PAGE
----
National set to block Maori seats

By Claire Trevett

Debate over Maori seats in the Super City led to a protest march through downtown Auckland in May. Photo / The Aucklander
Debate over Maori seats in the Super City led to a protest march through downtown Auckland in May. Photo / The Aucklander

The Cabinet is expected to reject Maori seats on the Auckland Super City council today.

This follows a week marked by disquiet within National, and Act leader Rodney Hide admitting he had told Prime Minister John Key he would resign as Minister of Local Government rather than have his name on legislation introducing the seats.

Maori Affairs Minister Pita Sharples and Mr Hide will present a joint paper pleading their cases when the Cabinet discusses the issue today.

Dr Sharples is expected to argue for at least two Maori seats and Mr Hide for none.

Although Dr Sharples has watered down his initial proposal, the Cabinet is expected to stand by its initial reaction to the Royal Commission on Auckland Governance's recommendations and not include Maori seats.

It is not known whether a final decision will be made or announced or whether Mr Key will wait until the select committee considering the Super City has reported back.

He would not comment yesterday.

But the Prime Minister is likely to be keen to get the issue out of the way.

It erupted last week after the release of an email from National MP Tau Henare revealing mixed views in the party's caucus and complaining that Mr Hide was holding the Government to ransom over the issue.

Mr Key has consistently refused to say which way the Government is leaning. But it is understood National's caucus has rejected having separate Maori seats on the council.

Mr Henare's email reveals there were mixed views on it, and Mr Key will need to be careful to ensure it does not seem as if the Government is yielding to an ultimatum from Mr Hide.

It will not help that on TVNZ's Marae programme yesterday, Mr Hide revealed Mr Key apparently considered changing his mind and approving the seats, suggesting National introduce them in an amendment to the Super City legislation.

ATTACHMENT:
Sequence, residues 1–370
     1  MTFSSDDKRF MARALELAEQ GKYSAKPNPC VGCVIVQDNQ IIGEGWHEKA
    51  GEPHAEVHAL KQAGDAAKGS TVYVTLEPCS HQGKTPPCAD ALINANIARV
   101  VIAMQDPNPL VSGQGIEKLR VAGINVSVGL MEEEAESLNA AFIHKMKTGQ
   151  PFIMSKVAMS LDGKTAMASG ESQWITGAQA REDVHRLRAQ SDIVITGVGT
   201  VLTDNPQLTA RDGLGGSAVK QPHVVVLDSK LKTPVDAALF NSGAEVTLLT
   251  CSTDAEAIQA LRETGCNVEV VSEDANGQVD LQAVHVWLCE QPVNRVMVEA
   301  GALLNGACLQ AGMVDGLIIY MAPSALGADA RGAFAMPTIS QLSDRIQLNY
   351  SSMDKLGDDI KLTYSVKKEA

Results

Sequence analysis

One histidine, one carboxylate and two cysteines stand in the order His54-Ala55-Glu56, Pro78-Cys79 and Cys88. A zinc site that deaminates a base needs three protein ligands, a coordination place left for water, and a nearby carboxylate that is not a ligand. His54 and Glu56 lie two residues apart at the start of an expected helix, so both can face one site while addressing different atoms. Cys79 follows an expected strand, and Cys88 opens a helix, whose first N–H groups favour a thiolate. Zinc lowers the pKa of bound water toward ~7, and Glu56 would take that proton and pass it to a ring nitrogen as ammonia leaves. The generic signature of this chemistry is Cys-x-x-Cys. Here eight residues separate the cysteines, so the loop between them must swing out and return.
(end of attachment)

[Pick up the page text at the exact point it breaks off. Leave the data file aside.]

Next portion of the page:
Mr Hide said Mr Key suggested this to get around Mr Hide's resistance to introducing such a measure himself.

It would allow Act to vote against the amendment without voting against the whole bill, but it could still be passed with support from National and the Maori Party.

Mr Hide rejected the suggestion because the amendment would still then be included in his legislation.

National's long-standing policy has been to oppose having Maori seats on the Super City council, and the Government did not include them in its initial response to the Royal Commission's recommendations in March.

The Royal Commission recommended three Maori seats - two to be elected by voters on the Maori roll and one to be appointed by a mana whenua forum, an advisory group to the council made up of local iwi representatives.

The Maori Party remains committed to having the mana whenua seat and Dr Sharples has proposed an electoral college to determine who is eligible to stand for it.

Dr Sharples could not be contacted yesterday, and Maori Party co-leader Tariana Turia said she did not know about the Cabinet proposal he had worked on.

Mr Hide has rejected accusations he was trying to force the Government into taking his side by saying he would resign.

He said he made his stance known to Mr Key on June 3 when he was asked for his views on Maori representation on the council.

He had not intended his response to become public and it had not done so until Mr Henare's email was given to TV3.

"I did not say I would step aside by way of threat or to affect the decision-making.

"I wanted to put it on the table up front rather than wait until they decided and then say, 'I'm standing down'.

Act's caucus and board had supported his stance.

Mrs Turia has accused Mr Hide of playing up the issue to try to get votes. Yesterday, when asked on Marae how the Maori Party would respond if the seats were rejected, she said it would wait until the decision was made before deciding.

- NZ Herald

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